Professor Chris Fuller
The anthropology of India, including popular Hinduism and Hindu nationalism, the caste system, the modern state, globalisation and the middle class; field research mainly in Tamil Nadu.
- Anthropology, Religion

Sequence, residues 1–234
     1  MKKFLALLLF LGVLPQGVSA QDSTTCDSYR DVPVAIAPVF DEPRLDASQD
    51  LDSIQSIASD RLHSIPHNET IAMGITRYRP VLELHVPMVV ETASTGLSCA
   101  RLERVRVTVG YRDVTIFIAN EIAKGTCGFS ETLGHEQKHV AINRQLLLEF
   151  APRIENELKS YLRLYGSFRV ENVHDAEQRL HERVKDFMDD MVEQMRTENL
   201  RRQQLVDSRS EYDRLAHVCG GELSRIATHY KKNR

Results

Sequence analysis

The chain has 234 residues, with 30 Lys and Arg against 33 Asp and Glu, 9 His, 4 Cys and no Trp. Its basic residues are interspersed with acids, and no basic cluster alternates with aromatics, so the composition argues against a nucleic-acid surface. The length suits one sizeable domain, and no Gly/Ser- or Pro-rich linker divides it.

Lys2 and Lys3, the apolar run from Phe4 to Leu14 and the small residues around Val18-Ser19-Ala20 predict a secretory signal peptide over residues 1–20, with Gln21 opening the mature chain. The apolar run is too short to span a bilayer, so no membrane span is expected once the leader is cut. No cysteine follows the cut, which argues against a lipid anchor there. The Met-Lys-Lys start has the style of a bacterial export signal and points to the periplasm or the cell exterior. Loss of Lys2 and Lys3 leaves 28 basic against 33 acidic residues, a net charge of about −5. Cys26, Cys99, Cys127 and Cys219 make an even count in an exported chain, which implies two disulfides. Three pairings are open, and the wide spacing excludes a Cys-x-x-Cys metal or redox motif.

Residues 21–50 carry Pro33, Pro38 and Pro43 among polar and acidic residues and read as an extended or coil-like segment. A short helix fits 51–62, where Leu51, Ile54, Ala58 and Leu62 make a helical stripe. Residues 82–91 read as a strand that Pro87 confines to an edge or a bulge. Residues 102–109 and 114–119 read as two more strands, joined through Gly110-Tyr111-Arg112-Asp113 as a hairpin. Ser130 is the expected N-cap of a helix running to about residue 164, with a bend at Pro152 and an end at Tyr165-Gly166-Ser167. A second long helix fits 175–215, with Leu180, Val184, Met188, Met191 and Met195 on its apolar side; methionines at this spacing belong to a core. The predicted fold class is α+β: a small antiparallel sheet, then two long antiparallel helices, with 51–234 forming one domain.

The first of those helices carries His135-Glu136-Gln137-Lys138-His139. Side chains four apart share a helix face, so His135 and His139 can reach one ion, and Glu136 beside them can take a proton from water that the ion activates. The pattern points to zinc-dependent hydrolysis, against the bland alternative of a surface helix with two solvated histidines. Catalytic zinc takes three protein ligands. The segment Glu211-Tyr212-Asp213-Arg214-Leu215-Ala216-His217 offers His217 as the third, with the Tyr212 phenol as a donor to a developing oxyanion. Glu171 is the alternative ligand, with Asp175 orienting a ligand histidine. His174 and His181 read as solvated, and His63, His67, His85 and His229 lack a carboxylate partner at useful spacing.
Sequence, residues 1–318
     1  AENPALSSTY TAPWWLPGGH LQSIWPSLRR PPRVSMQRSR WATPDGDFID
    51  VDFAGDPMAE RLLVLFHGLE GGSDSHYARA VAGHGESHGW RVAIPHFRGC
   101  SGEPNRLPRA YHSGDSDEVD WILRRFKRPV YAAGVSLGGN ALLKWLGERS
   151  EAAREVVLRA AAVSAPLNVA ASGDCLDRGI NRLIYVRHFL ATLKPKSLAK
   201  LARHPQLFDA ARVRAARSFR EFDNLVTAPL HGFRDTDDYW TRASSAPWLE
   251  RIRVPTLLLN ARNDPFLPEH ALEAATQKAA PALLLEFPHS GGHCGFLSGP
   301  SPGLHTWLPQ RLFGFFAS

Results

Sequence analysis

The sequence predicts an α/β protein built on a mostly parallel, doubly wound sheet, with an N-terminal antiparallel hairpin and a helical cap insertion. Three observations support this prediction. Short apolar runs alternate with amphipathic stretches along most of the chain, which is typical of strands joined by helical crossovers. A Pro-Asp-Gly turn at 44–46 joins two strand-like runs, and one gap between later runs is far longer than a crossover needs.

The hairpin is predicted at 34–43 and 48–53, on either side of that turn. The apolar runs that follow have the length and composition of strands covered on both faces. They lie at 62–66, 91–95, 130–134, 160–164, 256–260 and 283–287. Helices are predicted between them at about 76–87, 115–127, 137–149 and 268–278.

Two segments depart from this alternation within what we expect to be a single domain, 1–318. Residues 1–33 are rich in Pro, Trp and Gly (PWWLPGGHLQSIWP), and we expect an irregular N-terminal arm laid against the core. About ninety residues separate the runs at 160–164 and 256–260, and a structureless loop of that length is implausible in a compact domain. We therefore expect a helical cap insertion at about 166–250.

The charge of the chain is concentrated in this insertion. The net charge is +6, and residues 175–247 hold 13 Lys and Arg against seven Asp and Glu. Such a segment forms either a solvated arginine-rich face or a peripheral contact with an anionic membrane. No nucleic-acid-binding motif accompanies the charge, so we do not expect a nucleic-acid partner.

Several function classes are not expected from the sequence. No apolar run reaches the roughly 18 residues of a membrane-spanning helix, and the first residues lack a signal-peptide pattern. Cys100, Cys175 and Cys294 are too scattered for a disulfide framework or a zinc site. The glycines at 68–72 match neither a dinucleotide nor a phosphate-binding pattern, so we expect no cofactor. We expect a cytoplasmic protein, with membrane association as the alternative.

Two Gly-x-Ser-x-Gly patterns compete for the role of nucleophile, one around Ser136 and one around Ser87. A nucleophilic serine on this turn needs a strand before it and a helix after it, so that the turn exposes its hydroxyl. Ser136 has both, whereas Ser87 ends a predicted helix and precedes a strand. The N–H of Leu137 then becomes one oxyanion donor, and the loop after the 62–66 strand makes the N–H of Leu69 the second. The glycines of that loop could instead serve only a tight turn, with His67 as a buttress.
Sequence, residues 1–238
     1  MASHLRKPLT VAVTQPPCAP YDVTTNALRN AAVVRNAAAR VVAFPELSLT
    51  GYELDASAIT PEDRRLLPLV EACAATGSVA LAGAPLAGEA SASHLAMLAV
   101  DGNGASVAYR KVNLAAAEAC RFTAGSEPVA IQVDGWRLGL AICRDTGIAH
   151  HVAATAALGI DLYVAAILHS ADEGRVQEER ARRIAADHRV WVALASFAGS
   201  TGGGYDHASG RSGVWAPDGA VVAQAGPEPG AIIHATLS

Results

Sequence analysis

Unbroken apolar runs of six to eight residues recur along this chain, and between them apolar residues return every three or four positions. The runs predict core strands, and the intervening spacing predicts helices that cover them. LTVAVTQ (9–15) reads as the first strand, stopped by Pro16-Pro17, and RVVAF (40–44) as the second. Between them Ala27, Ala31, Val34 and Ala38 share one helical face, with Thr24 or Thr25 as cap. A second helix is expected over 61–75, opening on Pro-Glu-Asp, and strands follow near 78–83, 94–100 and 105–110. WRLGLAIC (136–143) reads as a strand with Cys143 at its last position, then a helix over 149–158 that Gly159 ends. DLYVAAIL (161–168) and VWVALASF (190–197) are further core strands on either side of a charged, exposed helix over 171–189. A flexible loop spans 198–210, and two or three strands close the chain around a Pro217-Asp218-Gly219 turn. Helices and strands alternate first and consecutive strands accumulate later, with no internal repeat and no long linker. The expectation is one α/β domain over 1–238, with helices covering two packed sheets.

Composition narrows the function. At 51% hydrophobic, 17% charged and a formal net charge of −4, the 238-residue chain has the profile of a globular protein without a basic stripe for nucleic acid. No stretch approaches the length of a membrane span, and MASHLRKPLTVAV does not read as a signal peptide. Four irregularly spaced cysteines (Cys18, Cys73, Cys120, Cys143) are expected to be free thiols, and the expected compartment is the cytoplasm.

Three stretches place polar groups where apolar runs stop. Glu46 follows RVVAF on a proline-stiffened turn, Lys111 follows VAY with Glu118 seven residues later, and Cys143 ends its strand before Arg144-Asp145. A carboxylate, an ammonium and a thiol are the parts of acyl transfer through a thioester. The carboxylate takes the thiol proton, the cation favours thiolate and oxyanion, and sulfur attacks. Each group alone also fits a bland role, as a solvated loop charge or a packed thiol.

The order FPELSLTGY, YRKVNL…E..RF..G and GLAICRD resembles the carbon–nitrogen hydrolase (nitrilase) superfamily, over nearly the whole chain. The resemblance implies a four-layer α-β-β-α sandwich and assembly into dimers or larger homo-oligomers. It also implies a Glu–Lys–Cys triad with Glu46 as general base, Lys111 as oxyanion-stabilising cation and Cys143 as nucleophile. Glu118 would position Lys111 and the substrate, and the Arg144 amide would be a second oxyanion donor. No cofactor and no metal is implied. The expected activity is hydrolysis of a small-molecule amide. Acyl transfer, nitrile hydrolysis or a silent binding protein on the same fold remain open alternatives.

Fuller’s first fieldwork (1971-2) was in Kerala, southwest India, among the Nayars and Syrian Christians. From 1976 to 2001, Fuller undertook field research in the great temple of Madurai in Tamilnadu, southeast India, which is dedicated to the Hindu goddess Minakshi, mainly to study the priests and the temple's elaborate ritual cycle., With Haripriya Narasimhan, Fuller carried out research on middle-class company managers and software professionals in the city of Chennai (Madras) in 2003-5, followed by research on a group of Tamil Brahmans in 2005-8, which focused on this traditional elite's modern transformation into a migratory, urbanised, trans-national community. Fuller has also researched and written extensively on popular Hinduism and Hindu nationalism, the caste system, the anthropology of the state and other topics. His current research is on the history of the anthropology of India in the colonial period. Publications Servants of the goddess: the priests of a south Indian temple, Cambridge: Cambridge University Press, 1984 The renewal of the priesthood: modernity and traditionalism in a south Indian temple, Princeton: Princeton University Press, 2003 The camphor flame: popular Hinduism and society in India, Princeton: Princeton University Press, (revised and expanded edition, with an Afterword) 2004 Tamil Brahmans: the making of a middle-class caste, with Haripriya Narasimhan, Chicago: The University of Chicago Press, 2014 ‘Anthropologists and Viceroys: Colonial Knowledge and Policy Making in India, 1871-1911’, Modern Asian Studies 50 (1), 2016, pp. 217-58